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Patent law is important to the agricultural sector, which owes a large part of its productivity growth to the introduction of new technologies that might not have been created in the absence of patent protection. While patent laws are passed by Congress, it is the U.S. Patent and Trade Office (USPTO) in the Department of Commerce that is charged with administering the law–its primary task being the review of patent applications and issuance of patents. The US Court of Appeals for the Federal Circuit, which has nationwide jurisdiction over cases involving patent law, also plays a significant role in shaping how the patent law is interpreted as does the Antitrust Division of the Department of Justice (AT-DOJ), often called on to investigate questions of patent misuse and infringements.
This section of the overview explains what a patent is, reviews benchmark patent laws and legal decisions affecting agriculture, identifies agricultural policy issues associated with patent law, and recommends materials for further reading.
A patent grants rights to inventors allowing them to benefit from their creations for a specified period of time (usually not to exceed 20 years) during which others cannot produce or market the patented product without a license from the patent owner and, generally, the payment of royalties. The logic behind patent law is that it encourages creativity and technological development by ensuring that inventors can recoup research and development costs. However, a patent does grant monopoly rights to the patent owner, creating tension between the goals of stimulating invention and promoting economic competition. Consequently, patent law and antitrust enforcement are intimately intertwined.
The U.S. has a long history of patent protection dating back to Art 1, Sec. 8 of the Constitution, which stated that "The Congress shall have Power … To promote the Progress of Science and useful Arts, by securing for limited Times to Authors and Inventors the exclusive Right to their respective Writings and Discoveries".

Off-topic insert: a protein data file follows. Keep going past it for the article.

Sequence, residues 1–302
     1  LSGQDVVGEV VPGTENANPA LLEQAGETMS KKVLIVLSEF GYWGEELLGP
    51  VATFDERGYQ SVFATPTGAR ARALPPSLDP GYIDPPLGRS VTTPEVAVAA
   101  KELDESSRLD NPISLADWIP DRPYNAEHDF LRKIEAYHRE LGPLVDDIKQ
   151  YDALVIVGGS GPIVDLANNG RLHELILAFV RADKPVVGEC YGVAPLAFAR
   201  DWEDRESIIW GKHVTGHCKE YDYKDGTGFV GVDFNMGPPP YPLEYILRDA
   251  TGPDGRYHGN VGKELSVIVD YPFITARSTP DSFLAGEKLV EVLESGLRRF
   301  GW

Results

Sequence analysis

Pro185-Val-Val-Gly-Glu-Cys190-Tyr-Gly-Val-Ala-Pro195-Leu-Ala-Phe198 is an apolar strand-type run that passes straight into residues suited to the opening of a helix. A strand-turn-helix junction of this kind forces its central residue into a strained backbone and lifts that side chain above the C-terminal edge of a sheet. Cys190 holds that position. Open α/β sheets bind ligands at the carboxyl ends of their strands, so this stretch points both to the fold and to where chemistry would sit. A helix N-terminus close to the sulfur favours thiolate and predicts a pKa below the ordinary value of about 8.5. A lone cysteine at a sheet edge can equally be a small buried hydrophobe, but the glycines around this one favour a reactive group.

Key benchmarks in the evolution of patent protections applied to agriculture are summarized below and include legislation enacted by Congress as well as court decisions.
|1793 Patent Act||Established the scope of patentable innovations that is applied to the issuance of utility patents. The Act states: "Whoever invents or discovers any new and useful process, machine, manufacture, or composition of matter, or any new and useful improvement thereof, may obtain a patent…."|
|1930 Plant Patent Act (PPA)||Passed because the utility patent was deemed inappropriate for living organisms. Plant patents, however, were restricted to asexually reproduced plants.|
|1954 Amendment to PPA||Plant Patent Act amended to include seeds, mutants, and hybrids.|
|1970 Plant Variety Protection Act Amended 1994||Created a USDA-issued "patent-like" certificate to developers for sexually reproduced plants (USPTO has no jurisdiction here). Act does not restrict farmers' rights to save plant seed or researchers' rights to use the seed but does prohibit farmers from cleaning and selling seed for 20 years from the certificate date.|
|1980 Bayh-Dole Act||Bayh-Dole permits a university, small business, or non-profit institution to pursue ownership of an invention they developed using federal research funding. Before the Act, inventions developed with federal funding were owned by the government. The intent of the Act was to speed up the development of practical applications of inventions created using federal funding.|
|1980 Diamond v. Chakrabarty||Supreme Court granted a utility patent for genetically engineered bacteria opening the way for other living organisms to receive the more rigorous protection associated with utility patents.|
|2001 J.E.M. Ag Supply v. Pioneer||Supreme Court further strengthened utility patent rights for seeds, prompting a rapid increase in seed utility patent applications.|